Throughout this past summer, I spent my time in the bustling city of Kathmandu, Nepal. I lived with a Nepali host family while I interned at the city’s Teaching Hospital assisting Physical Therapists during the week. While I was there, I was taught how to properly stretch patients, document their exercises and correctly show them how to use equipment.
Nepal, a small, third world country located between India and China, is home to Mount Everest and the Himalayan mountain range. I have heard of Nepal a few times before, but was unaware of exactly what I was getting myself into. The travel channels and textbooks explain to the best of their ability what it’s like to visit this country, yet nothing really prepared me for a journey like this. To have immersed myself in a country half way across the world where English is only spoken in some parts of the city, and not at all in the villages, was the first and biggest barrier. Hindi and Nepali both derive from Sanskrit, and most Nepali people understand Hindi. So having taken two semesters of Hindi at the time, I knew just enough to make my way around the city.
It was a huge eye-opening experience to live in a third world country for two months, as one can imagine. I lived with a host family right in the middle of Kathmandu Valley. One of their daughters did not understand English, so it was quite difficult to communicate with her using my limited knowledge of Hindi and hand signals. For dinner, it was usually lentils and rice– a traditional Nepali dish. During my time there, I do not doubt that I ate more rice in the span of two months than in the last 21 cumulative years.
The commute to work consisted of a walk of about 15 minutes through the city, passing one Hindu temple after another, all ranging from small and dainty to massive and ornate. I took a series of winding roads alongside buses, cars and motorbikes, which often weaved in and out, dodging city traffic. After arriving at the “bus” stop, a minivan pulled up, sometimes with the side door swung open, people holding on to anything they could grab as 10-15 people squeezed in for their daily commute. There were men that had sacks full of potatoes on their backs with straps wrapped around their head, women with children, school girls and medical students all packed like sardines in this small vehicle. The most interesting experience on the bus, though, was the sense of community between people despite their different walks of life. When a woman holding her child did not have room for the child to sit on her lap, a nearby woman sitting gladly cared for the baby until the mother had reached her stop. Moreover, anyone holding a bottle of water was subject to have it borrowed by another who needed to quench their thirst. Of course, the bottle was returned afterward, but for the time being my water bottle thus turned into community drinking water.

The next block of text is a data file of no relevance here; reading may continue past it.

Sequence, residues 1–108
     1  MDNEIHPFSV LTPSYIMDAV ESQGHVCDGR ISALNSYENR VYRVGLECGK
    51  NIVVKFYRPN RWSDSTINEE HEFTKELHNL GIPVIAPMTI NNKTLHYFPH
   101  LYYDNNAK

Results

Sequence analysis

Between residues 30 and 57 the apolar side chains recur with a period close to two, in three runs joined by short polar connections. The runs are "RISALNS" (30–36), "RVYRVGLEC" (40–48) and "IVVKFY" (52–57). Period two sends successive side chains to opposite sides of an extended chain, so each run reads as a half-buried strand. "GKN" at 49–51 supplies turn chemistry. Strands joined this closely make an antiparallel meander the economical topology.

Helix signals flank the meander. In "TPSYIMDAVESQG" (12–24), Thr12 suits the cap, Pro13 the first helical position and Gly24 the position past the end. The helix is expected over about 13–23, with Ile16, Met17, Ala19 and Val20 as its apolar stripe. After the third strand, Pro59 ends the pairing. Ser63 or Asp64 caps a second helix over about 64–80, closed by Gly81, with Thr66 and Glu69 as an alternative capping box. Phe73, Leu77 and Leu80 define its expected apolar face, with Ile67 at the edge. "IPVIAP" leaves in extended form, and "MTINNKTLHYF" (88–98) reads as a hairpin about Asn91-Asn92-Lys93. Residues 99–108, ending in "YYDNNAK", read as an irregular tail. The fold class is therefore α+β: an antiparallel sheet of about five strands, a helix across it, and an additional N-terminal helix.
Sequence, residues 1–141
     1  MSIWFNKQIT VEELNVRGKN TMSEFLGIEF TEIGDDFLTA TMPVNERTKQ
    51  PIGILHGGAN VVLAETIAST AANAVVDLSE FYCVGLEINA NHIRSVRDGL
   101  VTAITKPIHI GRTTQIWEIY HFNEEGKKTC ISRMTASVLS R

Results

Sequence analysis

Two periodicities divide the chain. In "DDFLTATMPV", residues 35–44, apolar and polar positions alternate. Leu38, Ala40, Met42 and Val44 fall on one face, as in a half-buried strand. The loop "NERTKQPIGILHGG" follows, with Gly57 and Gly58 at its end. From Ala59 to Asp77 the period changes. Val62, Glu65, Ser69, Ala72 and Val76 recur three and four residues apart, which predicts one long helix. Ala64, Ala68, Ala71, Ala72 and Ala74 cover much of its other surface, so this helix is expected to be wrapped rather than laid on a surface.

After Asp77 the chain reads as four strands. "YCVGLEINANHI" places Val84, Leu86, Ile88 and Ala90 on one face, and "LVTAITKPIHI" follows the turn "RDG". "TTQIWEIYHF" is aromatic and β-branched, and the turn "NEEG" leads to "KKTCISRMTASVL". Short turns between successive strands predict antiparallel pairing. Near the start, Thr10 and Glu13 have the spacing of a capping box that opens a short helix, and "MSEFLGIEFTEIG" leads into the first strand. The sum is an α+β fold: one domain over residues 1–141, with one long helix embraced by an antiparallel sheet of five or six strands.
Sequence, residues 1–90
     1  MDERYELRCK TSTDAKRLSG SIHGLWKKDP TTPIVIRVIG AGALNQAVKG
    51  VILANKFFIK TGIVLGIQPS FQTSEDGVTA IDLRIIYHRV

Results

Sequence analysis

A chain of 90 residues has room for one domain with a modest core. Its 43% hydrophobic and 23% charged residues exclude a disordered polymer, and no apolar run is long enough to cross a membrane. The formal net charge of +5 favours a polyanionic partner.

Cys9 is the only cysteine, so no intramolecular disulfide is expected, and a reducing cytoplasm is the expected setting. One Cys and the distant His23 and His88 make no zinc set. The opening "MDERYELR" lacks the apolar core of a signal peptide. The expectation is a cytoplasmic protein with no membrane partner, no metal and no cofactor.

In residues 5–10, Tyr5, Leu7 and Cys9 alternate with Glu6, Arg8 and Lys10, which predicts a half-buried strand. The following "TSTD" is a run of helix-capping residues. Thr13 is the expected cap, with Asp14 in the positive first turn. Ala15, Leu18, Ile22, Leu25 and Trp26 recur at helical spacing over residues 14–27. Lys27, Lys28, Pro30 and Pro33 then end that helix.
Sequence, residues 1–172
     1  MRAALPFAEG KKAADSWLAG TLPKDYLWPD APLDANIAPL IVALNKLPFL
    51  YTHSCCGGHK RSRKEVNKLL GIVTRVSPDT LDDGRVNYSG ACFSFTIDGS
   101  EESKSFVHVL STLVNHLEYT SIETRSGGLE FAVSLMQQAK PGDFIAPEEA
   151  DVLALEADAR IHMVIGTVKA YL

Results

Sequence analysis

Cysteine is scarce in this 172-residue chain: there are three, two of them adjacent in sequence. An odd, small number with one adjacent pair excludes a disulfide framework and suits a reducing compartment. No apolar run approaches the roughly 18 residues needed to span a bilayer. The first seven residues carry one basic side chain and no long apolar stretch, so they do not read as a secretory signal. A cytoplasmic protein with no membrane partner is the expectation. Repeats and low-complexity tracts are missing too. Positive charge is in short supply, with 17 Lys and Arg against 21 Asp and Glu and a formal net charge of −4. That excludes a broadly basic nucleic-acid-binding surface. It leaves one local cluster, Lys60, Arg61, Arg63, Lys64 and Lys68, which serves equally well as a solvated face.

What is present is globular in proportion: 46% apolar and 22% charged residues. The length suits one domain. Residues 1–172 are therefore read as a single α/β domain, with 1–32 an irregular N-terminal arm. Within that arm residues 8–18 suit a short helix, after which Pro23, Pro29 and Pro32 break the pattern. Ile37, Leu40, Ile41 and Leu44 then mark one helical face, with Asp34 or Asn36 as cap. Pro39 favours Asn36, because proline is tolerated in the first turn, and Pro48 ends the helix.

At the hospital, a wide variety of patients were admitted: young and old, male and female, locals and foreigners, stroke patients to back aches. There, I learned how to properly stretch patients, conduct muscle stimulation, use a spinal and neck traction machine, and perform ultrasounds. Although, as stated before, the language barrier was a bit difficult, patients were more than happy to work with me and did their best to carry out their exercises. In America, there are different facilities for various branches of physical therapy and it was fascinating to see that this clinic accepted all conditions for a small fee. The patients came motivated to improve their strength and lead healthier lives and I everyday I came into work overwhelmed with joy, happy to be where I was.
All of these experiences, and much more, truly opened my eyes to the different mindset of the Nepali people. They are caring, comical and extremely curious, especially when it comes to foreigners. In my time in the hospital, locals were constantly asking questions about my life in America. They wanted to know about my family, my job, if I went to school and if so, what I did. It was such a refreshing experience to have so many people who are genuinely interested in your life and where you came from. It also made me realize how in some aspects, their culture was extremely different from ours, yet no matter what they always attempted to make me feel welcomed and right at home.
I experienced a once in a lifetime journey travelling through Nepal and working in a physical therapy clinic. I have met amazing people, received incredible opportunities and learned much more than I ever could have if I stayed in Ohio. I left my comfort zone and tried new experiences that only Nepal could have offered. Learning so much in Teaching Hospital assisting physical therapists has solidified my decision to continue my path onto graduate school and pursue physical therapy.